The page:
Transparency & Disclosure: When is Too Much or Too Little?

The responsibility of a board can vary depending on the context. In the context of corporate governance, the board of directors is responsible for making important decisions and providing oversight for the organisation. The board's primary duty is to act in the best interest of the organisation and its stakeholders. Others include setting the strategic direction and goals of the organisation, evaluating the performance of the organisation's executives, financial oversight, fiduciary duty and ensuring transparency and disclosure. This blog examines the role of the board in balancing information disclosure in order not to give too much or too little to the detriment of the organisation.

Transparency and Disclosure

Transparency refers to being open, honest, and accountable in one's actions, decisions, and communication. It involves providing accurate and accessible information to the public, so they can make informed choices and hold institutions and individuals accountable.

On the other hand, disclosure involves revealing and sharing pertinent information, particularly in situations where conflicts of interest or potential biases may exist. Disclosure ensures that individuals or organisations are transparent about their affiliations, financial interests, or any other relevant information that may influence their decision-making or relationships.

Transparency and disclosure go hand in hand, as disclosure is a key component of achieving transparency. By disclosing relevant information, individuals or organisations can establish trust and credibility with the public or stakeholders. This trust is crucial in maintaining healthy relationships and fostering accountability.

In the business world, transparency and disclosure are crucial for building trust with consumers and investors. Companies that share information on their operations, financial performance, and environmental practices demonstrate accountability and integrity. This transparency enables consumers to make informed choices and encourages businesses to be socially and environmentally responsible.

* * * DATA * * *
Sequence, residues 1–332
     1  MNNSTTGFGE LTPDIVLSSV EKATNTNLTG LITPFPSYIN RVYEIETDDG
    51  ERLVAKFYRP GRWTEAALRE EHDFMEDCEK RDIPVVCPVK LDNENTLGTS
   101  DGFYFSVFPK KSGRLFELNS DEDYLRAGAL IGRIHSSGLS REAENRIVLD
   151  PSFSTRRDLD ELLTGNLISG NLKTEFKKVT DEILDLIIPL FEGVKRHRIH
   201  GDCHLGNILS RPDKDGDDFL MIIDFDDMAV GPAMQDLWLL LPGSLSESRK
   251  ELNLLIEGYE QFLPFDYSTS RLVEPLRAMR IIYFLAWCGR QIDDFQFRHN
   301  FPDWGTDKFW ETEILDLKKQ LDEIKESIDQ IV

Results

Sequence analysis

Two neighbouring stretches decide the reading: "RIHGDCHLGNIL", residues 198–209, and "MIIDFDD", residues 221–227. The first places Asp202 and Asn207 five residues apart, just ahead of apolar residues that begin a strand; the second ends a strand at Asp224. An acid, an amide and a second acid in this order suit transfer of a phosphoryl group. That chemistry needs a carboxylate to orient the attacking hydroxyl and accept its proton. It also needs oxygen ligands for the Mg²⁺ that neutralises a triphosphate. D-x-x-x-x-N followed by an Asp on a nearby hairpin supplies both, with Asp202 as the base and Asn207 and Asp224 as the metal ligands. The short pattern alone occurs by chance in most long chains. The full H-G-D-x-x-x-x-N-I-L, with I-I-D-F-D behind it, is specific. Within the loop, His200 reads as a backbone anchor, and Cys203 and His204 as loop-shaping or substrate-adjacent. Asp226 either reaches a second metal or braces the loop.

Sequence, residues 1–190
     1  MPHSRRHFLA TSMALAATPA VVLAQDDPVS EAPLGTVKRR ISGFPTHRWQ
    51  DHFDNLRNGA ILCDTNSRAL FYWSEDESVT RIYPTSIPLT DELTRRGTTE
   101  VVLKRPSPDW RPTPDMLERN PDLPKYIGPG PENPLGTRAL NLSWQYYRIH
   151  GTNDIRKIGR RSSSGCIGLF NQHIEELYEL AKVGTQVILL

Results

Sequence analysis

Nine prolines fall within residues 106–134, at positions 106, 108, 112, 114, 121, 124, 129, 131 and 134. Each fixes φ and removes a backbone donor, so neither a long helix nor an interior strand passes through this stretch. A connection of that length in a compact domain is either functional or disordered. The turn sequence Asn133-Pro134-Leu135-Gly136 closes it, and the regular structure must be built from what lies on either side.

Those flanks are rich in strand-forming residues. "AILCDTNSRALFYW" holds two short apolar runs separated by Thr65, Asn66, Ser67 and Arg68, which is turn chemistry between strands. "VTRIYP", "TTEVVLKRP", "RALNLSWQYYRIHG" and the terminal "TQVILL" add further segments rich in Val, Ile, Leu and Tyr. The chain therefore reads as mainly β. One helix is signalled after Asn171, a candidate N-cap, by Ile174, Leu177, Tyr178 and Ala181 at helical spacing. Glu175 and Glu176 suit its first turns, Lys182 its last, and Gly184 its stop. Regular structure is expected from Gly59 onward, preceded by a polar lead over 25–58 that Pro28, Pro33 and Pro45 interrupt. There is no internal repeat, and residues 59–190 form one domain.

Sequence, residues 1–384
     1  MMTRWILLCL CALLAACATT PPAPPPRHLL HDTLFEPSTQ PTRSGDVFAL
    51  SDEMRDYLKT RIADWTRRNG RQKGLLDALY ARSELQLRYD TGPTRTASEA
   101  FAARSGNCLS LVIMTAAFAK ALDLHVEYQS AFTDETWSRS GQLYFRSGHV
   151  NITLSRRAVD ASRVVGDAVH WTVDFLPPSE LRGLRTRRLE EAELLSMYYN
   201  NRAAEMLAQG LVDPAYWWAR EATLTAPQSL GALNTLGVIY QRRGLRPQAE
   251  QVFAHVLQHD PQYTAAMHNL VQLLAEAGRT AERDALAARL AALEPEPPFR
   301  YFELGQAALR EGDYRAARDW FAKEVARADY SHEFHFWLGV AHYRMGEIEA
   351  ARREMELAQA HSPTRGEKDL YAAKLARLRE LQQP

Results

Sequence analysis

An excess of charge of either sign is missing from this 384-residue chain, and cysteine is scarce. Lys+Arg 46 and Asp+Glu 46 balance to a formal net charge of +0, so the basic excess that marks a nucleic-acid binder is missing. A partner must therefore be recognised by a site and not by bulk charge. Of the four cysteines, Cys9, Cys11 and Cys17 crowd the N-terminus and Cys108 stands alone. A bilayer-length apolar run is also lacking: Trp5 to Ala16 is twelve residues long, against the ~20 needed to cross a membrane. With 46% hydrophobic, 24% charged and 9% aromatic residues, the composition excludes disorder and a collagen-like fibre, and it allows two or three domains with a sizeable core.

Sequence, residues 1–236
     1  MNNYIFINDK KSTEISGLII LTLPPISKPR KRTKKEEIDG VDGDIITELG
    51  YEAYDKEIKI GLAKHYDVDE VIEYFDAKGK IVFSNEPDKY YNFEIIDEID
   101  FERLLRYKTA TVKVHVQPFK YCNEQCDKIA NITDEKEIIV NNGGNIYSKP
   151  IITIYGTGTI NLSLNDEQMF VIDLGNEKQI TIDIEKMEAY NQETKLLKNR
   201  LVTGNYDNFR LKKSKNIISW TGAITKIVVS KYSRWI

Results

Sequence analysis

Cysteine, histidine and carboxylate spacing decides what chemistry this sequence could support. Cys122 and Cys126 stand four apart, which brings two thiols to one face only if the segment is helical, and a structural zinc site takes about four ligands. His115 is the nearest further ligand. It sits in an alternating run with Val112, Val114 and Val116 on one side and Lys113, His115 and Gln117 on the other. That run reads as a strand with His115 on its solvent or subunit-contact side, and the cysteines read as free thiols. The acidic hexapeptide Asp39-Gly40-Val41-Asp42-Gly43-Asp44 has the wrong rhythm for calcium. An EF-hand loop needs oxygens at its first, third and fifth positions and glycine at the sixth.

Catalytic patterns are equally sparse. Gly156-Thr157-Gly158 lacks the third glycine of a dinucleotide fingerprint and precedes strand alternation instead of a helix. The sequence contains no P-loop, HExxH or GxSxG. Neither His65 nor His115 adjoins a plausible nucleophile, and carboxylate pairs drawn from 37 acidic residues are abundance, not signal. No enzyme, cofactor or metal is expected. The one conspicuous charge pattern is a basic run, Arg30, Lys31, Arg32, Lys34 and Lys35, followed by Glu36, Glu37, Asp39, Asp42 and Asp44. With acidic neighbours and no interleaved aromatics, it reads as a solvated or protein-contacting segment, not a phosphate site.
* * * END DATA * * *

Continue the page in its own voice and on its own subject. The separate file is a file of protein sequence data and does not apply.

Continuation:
Moreover, personal relationships can also benefit from transparency and disclosure. In personal interactions, being open and honest about one's intentions, feelings, and expectations can foster trust and prevent misunderstandings. Likewise, disclosing personal biases or conflicts of interest can help maintain integrity and fairness in relationships.

While transparency and disclosure are important, there are also considerations to keep in mind. It is essential to establish guidelines and frameworks to ensure that transparency and disclosure are implemented responsibly.

Factors to Consider for Transparency and Disclosure

Legal and Regulatory Requirements: Organisations must comply with laws and regulations related to transparency and disclosure in their jurisdiction.  The Companies and Allied Matters Act, Financial Reporting Council of Nigeria Act, Nigeria Code of Corporate Governance, and various sectors' laws, regulations and codes are the fulcrum for board transparency and disclosure in Nigeria. These requirements often set a baseline for what must be disclosed.

Stakeholder Expectations: Different stakeholders, including shareholders, customers, employees, and the public, may have varying expectations regarding transparency based on their relationship with the organisation or project. For example, employees may expect fair compensation, opportunities for growth, and a safe working environment. Customers, on the other hand, may expect high-quality products or services, competitive prices, and good customer service. While Shareholders on profits and dividends. Understanding and meeting these expectations is crucial.

Industry Norms: Some industries have specific standards and practices regarding disclosure. Organisations should align with industry norms to maintain credibility. These norms are often established to ensure fairness, transparency, and accountability among members of the industry. They can include guidelines for product quality, customer service, pricing, advertising, and more.